Monday, October 14, 2013

How to Keep Writing

Rhonda Browning White

The most ardent, self-disciplined taskmasters occasionally have weak moments when we find it hard to write, but it’s important to work through those feeble hours. How do we do it? How do we make writing a priority and encourage ourselves to put words on the page? These easy steps will keep you going through the driest days of writing drought (and doubt).

  • Give yourself permission to write. To whom does this dream, this life-goal, this road to success belong? It belongs to you! So why do you need anyone else’s permission to pursue it? Simply put, you don’t. You only need your permission. What are you waiting for? Go write!

  •  Beat your doubt into submission. Face it; you’re not going to wake up each morning eager to jump headlong into writing. In fact, most days you won’t even want to get out of bed without hitting the snooze button at least once. Don’t wait for the Muse to sit on your shoulder. She’s a fickle little witch, anyway. You don’t need her. Write without her, just to spite her!

  •  Write down your dreams. Start big! New York Times Bestseller list? Fine. Now break it down. Might need to write a book first, right? That’ll mean finding an agent, as well. How will she know you’re any good? Ahhh, yes, she’ll see your list of bylines. Don’t have any? Time to write some short stories, articles or poems. Have you already written some good ones? Then send them out! Breaking your dreams into manageable pieces is the first thing to do. Then take one step toward completing those steps each week (or each day). And keep writing.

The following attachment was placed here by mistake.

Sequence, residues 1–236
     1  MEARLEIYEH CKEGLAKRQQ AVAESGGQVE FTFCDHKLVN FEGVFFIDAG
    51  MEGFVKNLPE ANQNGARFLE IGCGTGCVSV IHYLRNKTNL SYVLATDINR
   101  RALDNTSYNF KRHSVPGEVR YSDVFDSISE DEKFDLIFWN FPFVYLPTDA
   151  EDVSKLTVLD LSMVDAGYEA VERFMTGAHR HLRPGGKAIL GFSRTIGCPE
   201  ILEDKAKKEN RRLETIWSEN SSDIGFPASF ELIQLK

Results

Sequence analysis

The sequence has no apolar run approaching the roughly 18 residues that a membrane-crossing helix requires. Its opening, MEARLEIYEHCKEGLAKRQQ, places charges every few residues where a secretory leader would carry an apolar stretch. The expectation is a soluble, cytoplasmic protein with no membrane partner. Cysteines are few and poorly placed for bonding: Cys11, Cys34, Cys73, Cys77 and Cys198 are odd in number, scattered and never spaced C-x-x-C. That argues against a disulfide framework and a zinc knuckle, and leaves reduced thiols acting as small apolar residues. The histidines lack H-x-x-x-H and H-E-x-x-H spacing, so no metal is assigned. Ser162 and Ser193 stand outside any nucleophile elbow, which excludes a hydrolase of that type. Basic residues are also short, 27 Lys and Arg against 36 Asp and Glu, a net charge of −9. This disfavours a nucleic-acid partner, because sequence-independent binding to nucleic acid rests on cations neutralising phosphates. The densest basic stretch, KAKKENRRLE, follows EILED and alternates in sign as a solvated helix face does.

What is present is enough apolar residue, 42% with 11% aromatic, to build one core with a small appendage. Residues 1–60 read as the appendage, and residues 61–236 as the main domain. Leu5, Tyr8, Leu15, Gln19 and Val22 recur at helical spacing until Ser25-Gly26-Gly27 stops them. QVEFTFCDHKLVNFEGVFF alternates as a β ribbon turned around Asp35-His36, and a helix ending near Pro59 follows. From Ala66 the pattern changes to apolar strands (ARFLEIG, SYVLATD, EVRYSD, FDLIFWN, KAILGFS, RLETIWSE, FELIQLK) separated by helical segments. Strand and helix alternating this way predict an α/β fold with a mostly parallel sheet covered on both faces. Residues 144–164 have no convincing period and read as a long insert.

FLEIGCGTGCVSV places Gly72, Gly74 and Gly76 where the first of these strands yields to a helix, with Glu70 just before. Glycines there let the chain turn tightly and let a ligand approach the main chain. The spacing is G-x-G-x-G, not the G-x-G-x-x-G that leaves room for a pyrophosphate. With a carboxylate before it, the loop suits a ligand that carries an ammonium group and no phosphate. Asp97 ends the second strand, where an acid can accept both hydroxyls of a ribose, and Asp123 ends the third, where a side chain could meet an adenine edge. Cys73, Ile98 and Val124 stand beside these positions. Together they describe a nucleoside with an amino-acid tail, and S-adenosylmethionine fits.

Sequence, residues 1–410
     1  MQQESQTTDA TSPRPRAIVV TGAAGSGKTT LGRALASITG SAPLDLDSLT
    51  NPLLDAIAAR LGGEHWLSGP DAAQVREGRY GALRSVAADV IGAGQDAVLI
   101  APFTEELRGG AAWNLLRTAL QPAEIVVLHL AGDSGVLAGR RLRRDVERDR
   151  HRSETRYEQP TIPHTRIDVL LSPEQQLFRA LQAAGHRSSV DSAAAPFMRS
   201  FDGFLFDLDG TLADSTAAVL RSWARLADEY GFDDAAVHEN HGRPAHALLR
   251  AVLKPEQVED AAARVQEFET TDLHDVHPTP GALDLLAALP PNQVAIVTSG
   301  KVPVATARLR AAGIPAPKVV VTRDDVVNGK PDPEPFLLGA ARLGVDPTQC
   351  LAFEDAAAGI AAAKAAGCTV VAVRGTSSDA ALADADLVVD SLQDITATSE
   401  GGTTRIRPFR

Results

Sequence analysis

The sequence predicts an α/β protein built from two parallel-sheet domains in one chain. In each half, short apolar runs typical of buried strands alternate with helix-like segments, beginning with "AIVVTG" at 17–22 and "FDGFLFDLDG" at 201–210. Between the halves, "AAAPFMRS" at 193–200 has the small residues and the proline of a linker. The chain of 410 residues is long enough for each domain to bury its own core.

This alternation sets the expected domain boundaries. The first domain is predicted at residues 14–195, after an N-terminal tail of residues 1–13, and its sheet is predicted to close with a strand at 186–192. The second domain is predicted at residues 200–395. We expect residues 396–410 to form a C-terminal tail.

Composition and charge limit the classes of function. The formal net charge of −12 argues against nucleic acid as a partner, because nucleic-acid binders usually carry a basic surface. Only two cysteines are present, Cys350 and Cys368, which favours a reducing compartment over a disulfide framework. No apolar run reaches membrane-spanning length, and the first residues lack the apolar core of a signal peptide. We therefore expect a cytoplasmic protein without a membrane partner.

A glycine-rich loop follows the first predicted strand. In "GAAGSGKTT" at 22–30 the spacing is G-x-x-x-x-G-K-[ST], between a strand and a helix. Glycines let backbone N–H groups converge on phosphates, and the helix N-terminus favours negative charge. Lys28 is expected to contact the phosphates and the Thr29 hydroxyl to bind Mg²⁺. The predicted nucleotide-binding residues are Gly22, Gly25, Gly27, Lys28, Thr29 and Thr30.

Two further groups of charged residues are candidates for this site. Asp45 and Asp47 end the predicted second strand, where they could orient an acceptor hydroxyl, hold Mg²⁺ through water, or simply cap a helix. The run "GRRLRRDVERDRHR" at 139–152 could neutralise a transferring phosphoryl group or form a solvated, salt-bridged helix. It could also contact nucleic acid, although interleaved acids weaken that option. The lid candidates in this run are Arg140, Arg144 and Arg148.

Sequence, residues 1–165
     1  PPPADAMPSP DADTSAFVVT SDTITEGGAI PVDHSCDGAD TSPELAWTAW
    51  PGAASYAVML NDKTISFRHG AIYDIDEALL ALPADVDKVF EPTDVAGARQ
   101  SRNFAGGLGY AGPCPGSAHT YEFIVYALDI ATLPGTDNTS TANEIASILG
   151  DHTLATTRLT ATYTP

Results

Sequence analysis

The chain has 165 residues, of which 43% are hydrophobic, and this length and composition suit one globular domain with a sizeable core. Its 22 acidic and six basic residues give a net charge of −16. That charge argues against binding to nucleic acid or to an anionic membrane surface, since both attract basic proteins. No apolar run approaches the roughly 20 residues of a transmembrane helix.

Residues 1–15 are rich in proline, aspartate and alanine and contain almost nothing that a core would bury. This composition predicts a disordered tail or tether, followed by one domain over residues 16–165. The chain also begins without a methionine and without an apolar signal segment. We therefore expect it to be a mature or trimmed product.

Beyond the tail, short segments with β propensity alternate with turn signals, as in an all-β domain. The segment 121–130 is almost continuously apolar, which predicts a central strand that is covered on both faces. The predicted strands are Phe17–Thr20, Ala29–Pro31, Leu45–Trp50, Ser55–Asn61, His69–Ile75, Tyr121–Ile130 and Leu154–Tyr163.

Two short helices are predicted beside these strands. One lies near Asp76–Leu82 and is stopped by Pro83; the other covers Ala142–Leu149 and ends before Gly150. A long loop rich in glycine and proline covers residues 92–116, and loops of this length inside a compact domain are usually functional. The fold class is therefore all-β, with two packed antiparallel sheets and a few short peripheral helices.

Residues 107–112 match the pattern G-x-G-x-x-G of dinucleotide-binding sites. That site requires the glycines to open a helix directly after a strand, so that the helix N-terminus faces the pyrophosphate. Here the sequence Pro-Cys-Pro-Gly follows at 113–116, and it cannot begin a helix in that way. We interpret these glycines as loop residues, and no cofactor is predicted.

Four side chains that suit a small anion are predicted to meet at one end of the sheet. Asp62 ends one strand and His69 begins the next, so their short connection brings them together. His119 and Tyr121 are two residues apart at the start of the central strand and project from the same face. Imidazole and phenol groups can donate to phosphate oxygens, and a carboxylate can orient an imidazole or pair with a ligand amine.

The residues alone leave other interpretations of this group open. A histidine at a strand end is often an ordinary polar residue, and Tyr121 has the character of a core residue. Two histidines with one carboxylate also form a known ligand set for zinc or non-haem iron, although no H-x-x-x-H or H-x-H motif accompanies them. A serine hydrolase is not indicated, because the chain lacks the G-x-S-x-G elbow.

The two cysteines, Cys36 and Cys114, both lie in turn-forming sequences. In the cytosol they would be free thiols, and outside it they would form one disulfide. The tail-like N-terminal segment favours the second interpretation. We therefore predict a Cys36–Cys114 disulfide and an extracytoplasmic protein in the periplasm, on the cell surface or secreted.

•  Accept that you’ll never see the bottom of the laundry basket. There will always be clothes to wash, pots to scour, floors to mop and bathtubs to scrub. And they’ll be there after you’ve finished writing today. (Trust me; the housecleaning fairy doesn’t exist—I’ve set many traps for her, to no avail). If dinner isn’t started on time, order pizza, and keep writing. Ask your family to pitch in and help with chores. If they ignore your pleas, they’ll figure out that someone needs to go to the grocery store when the cupboards are bare. In the meantime, keep writing.

  •  Learn to accept rejection. Realize that a rejection of your manuscript isn’t a rejection of you, as a person. It doesn’t mean you’re a terrible writer. It may simply mean that your work was too long, too short, too funny, too sad, or didn’t fit the space or theme of a particular magazine’s forthcoming edition. Or it could be that the agent or editor simply doesn’t like the genre or style in which you write. The next agent might think it’s the best thing she’s ever read! Rejection happens. Get over it, and keep writing.

  • Submit your work. The best thing I know of to inspire more writing is publication. Of course you must take a moment to dance your way back from the mailbox, and you may have to crack open a bottle of champagne, or go out to dinner tonight to celebrate your success. But as soon as you return home, start writing. It’s important to feed the excitement of inspiration with words and more words. And more words. Your words. Build off your own momentum. Keep writing!

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